When a seedpod bursts open, either on its own or with a little human help, the hull instantly curls up into tight coils, like small, green springs. It’s all so fast you can’t see it happening. A captivating sight in itself. And even though you know that little explosion is coming and are waiting for it, it will inevitably make you jump in startled surprise.

The leaves are just as intriguing. If you find yourself in a patch of jewelweed on a dewy morning or just after a rain, its leaves will be the only dry thing around, displaying little beads of water on their surface. Dancing in sunlight, the water glistens like diamonds.

Submerge a leaf in water with its underside facing up and it turns silver. Pull it out and it will be dry, with only a few droplets of water here and there.

Touch-me-nots also have medicinal uses. The best-known and most practical use is as a remedy for itching. In fact, they’re often found in conveniently close proximity to itch-inducing poison ivy and stinging nettle. By breaking open the liquid-filled stems and spreading the watery sap on skin that’s been exposed to these plants or to insect bites or stings, you’ll most likely experience immediate relief.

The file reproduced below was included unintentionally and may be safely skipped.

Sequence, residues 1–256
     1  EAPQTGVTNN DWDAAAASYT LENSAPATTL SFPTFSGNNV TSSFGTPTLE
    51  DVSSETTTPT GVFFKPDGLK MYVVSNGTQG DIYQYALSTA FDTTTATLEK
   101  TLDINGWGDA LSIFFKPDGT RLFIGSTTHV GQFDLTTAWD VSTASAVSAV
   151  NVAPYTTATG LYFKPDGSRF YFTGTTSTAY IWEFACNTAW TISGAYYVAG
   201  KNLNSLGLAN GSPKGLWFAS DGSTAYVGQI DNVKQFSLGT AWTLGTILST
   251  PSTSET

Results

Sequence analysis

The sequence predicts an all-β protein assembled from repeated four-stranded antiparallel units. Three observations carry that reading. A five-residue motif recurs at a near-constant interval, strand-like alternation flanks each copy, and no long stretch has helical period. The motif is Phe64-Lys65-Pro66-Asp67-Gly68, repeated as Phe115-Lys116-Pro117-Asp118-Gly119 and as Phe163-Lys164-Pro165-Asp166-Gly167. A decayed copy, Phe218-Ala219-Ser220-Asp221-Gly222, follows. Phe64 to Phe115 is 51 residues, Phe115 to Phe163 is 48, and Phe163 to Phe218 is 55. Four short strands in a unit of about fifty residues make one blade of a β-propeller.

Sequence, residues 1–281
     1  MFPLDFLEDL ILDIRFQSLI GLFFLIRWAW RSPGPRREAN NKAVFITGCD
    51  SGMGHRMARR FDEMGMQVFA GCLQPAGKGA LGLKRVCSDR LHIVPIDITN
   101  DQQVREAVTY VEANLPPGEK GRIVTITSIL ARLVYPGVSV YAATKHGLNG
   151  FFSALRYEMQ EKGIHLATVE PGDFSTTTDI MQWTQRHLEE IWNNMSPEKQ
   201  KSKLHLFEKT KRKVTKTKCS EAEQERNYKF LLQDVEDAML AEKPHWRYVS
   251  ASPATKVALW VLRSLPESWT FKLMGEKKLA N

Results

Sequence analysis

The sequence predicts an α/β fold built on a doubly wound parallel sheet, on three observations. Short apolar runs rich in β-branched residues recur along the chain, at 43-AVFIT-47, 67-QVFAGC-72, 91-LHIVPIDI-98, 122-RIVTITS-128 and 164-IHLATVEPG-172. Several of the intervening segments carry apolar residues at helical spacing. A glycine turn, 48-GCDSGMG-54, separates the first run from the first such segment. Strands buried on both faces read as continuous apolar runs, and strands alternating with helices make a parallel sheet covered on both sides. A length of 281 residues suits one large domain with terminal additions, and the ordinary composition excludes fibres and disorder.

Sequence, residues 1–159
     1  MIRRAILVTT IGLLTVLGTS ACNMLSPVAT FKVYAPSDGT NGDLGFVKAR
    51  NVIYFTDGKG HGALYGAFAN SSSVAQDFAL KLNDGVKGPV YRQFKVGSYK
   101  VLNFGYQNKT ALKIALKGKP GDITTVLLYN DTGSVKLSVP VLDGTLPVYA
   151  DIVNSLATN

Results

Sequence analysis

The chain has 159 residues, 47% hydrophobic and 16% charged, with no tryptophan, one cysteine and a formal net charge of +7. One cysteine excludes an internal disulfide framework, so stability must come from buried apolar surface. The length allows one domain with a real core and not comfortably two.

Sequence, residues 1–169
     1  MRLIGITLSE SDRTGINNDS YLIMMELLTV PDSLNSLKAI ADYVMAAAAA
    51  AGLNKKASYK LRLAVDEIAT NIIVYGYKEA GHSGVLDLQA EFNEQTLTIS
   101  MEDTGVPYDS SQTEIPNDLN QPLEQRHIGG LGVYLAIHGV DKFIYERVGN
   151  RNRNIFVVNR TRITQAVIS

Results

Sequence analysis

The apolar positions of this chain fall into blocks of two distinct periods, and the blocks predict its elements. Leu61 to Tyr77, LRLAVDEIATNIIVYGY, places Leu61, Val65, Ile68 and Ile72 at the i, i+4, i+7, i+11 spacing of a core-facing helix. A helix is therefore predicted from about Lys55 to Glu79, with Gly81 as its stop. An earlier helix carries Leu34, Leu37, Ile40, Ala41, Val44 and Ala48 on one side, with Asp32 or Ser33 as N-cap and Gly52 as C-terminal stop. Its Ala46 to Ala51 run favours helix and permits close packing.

And you can even eat the little seeds. They taste a lot like walnuts–really! Granted, it would take a lot of collecting to get enough to bake into a dish, but it’s a handy thing to know if you happen to find yourself lost and hungry in the midst of these delightful plants.

All this and nostalgia, too.

The sight of touch-me-nots, the start of the school year, the long held vision of our children in their first-day-of-school finery, the hint of autumn in the air, the memory of those first days of house-building—all these things represent the beginning of our life on the diagonal.

Kids, if you didn’t already realize, you might as well get used to it because whenever touch-me-nots are in bloom, I’ll continue to reminisce aloud about this giant tangle of sweet memories.